ENTREPRENEUR OF THE MONTH: NOVEMBER 2015
Hang on to yer hat, cowpoke. One listen-to and read-through of Sandra Boynton’s illustrated country-music songbook/CD combo “Frog Trouble,” and you’ll be humming your way through the day.
By Hope Katz Gibbs Publisher, Be Inkandescent magazine
When it comes to embracing the art of resilience, it’s wonderful to look to successful people who continuously reinvent themselves. Such is the case for illustrator, author — and now songwriter — Sandra Boynton.
Created for children ages 1 to “older than dirt,” the fun yet poignant title “Frog Trouble” is Boynton’s fifth foray into merging music, words, and art. Like the others she’s created with keyboard player Michael Ford, it’s likely to become a certified Gold, and an award-winning New York Times best-seller.
This collection of ditties is packed with star-power — including musical performances from Linda Eder, Brad Paisley, and Dwight Yoakam — and the message of the book is as charming and iconic as the lyrics and illustrations by Boynton herself. From “I’ve Got a Dog,” to “Deepest Blue,” and “More Frog Trouble,” this 64-pager is filled with wit and wisdom — as well as lyrics and sheet music so readers can sing and play along.
We wouldn’t expect anything less from the successful artist and author, who has been writing books and drawing charming animal illustrations since the 1970s. “I love illustrated books, and I’ve always been smitten with records, so I guess it was inevitable that I’d eventually want to put the two together,” Boynton tells us from her home office in Connecticut. “I think I’m happiest in a recording studio, working with great singers and musicians. Making a record is pretty much the most fun a person can have. Though drawing confused hippos is way up there, too.”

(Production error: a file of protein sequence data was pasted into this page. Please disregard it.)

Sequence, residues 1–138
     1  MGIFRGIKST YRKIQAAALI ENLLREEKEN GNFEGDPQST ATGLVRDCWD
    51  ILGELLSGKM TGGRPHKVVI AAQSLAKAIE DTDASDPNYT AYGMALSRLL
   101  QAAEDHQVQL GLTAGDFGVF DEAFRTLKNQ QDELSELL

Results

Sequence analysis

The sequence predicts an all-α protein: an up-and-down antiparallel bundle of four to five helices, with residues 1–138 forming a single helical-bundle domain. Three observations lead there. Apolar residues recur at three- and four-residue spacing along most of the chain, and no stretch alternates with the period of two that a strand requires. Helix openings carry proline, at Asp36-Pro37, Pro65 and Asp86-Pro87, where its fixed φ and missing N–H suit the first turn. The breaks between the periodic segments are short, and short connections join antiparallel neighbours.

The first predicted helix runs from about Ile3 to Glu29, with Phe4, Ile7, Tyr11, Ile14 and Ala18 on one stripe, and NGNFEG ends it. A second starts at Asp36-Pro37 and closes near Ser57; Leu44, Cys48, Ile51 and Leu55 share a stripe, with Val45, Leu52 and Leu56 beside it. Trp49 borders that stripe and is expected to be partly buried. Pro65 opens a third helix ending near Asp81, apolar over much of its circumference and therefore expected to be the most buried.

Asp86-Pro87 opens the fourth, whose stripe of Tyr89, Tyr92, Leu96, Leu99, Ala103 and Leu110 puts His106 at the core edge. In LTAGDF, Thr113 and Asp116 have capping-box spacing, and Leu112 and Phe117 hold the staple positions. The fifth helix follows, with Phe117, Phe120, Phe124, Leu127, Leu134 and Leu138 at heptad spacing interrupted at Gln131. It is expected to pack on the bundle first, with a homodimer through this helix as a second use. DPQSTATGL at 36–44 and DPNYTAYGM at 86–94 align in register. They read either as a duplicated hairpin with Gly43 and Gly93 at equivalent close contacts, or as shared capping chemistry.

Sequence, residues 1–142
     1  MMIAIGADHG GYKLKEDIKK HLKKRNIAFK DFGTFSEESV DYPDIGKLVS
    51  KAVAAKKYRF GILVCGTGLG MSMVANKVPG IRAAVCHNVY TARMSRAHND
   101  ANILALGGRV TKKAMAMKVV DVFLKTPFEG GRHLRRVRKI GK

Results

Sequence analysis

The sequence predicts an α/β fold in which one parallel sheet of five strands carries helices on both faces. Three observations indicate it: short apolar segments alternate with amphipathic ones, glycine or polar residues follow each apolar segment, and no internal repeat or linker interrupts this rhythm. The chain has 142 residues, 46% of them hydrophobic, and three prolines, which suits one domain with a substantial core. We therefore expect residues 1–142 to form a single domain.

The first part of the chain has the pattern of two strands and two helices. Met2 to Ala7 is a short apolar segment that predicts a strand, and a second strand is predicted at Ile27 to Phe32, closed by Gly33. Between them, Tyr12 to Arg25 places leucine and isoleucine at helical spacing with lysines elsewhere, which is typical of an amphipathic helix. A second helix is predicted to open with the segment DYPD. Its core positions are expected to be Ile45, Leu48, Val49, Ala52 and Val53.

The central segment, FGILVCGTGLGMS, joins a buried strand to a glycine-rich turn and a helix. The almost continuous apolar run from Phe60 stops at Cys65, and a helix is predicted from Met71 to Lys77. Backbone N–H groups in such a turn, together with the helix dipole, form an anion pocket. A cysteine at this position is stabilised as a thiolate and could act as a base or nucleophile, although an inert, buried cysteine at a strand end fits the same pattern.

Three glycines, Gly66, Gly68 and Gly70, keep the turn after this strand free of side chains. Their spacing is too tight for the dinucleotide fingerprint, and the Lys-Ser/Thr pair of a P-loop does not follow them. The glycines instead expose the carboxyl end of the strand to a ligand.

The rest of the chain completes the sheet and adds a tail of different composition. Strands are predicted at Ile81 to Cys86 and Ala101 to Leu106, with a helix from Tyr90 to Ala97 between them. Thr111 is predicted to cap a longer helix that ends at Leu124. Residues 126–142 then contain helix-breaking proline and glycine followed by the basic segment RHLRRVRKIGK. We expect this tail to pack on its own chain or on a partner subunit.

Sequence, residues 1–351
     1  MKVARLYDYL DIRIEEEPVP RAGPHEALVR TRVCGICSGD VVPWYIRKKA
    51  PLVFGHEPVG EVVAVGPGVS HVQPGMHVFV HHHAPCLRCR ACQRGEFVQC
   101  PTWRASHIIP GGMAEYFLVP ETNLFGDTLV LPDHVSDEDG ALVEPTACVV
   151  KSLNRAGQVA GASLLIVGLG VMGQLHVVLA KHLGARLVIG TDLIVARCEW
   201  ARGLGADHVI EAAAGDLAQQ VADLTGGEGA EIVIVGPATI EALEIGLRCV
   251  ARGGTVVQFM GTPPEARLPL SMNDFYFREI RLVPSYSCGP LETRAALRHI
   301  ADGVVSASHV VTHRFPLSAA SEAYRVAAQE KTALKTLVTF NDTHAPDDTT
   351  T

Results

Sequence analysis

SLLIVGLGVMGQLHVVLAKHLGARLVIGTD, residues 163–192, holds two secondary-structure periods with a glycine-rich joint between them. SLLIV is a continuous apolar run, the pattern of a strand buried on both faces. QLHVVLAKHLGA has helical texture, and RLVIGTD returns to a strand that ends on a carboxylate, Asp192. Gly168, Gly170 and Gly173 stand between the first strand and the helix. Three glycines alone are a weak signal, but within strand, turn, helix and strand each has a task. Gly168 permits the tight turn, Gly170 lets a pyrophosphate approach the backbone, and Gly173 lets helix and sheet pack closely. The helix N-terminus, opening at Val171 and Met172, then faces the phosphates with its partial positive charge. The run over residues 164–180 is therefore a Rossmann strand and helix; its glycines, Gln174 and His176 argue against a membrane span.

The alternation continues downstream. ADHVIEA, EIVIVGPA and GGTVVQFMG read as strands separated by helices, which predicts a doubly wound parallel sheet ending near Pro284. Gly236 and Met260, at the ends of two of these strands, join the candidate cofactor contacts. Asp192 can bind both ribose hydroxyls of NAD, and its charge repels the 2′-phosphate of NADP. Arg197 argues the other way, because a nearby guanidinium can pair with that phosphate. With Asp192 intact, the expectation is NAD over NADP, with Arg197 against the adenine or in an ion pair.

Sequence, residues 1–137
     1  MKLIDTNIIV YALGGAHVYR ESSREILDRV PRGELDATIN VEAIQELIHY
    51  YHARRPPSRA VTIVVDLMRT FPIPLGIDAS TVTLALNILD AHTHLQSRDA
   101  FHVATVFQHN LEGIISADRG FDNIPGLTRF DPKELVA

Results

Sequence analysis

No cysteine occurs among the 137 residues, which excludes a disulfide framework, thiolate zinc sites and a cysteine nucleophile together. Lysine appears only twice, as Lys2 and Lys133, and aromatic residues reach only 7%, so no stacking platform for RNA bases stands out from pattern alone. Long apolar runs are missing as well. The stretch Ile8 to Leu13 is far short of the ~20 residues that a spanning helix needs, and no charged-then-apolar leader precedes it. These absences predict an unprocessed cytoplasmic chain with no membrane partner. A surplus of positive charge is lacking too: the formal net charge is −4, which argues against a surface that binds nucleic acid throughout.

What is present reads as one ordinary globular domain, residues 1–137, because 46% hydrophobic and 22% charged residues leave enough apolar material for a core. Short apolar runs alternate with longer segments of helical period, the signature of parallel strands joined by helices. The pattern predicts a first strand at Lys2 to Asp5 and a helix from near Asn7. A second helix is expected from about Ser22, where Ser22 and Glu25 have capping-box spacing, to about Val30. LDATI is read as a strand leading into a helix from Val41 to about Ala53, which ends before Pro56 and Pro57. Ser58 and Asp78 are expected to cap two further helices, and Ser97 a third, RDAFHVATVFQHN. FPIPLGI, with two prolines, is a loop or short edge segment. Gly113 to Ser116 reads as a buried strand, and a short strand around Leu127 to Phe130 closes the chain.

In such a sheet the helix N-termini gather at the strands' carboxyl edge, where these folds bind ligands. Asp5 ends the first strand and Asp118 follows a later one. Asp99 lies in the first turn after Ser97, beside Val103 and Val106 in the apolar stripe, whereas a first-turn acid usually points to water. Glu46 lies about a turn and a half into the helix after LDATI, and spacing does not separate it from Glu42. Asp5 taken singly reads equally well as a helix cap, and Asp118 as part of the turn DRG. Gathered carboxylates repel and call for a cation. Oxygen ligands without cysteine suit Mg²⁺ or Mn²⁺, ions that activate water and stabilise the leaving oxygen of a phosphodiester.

How did the native of Orange, NJ, make her way to the recording studios of Nashville? “If you love recording, sooner or later you’re going to find yourself in Nashville,” she believes. “And y’all might even start saying ‘y’all’ without even realizing it.”
Boynton admits that snagging stellar singers as Eder, Paisley, and Yoakam for “Frog Trouble” wasn’t easy. “It took foolish optimism on my part. But they all said they really loved the songs, so that helped.” To seal the deal, Boynton sent each country star a gift of a stuffed animal (Mr. Chicken, to be precise). “Surely there’s nothing so persuasive as receiving an unexplained stuffed chicken,” she says.
Being clever about accomplishing her goals has long been Boynton’s style.
As an undergrad at Yale, she started designing gift cards and Christmas cards, which her Uncle Bill, a printer, made copies of. She then trudged around to various East Coast stores selling them. The cards took off — and so had her love life.
“Jamie McEwan was a tall, swarthy, and cheerfully subversive Yale wrestling captain/1972 Olympic bronze medalist when we met,” shares Boynton, who married and moved with him to a farm in the foothills of the Berkshires. “Then we collaborated on four perfect children and two quirky books.”
Those stories were “The Story of Grump and Pout,” and “The Heart of Cool.” Dozens of books by Boynton followed. Then, in 1996, she met her professional partner, Michael Ford. “We’re a very lean team,” she explains of her collaboration with the Pennsylvania-based music man. “I write all the lyrics and most of the melody, and from there, Mike and I create each song together in our own small New England music production studio, with Mike playing scratch instrumental tracks on keyboard and helping with all the technical stuff, which he’s masterful at. I call him The Computer Whisperer.”
What is Boynton working on next? She’s reinventing an old classic. “I re-researched, rewrote, and re-illustrated my 1982 seminal work Chocolate: The Consuming Passion, which Workman Publishing just released last month.” And, she has started working on a new album of infectious-beat dance songs, which is tentatively titled, “Hog Wild!”
How can you stay as clever and as buoyant as Boynton? Here are six tips to keep the bounce in your flounce.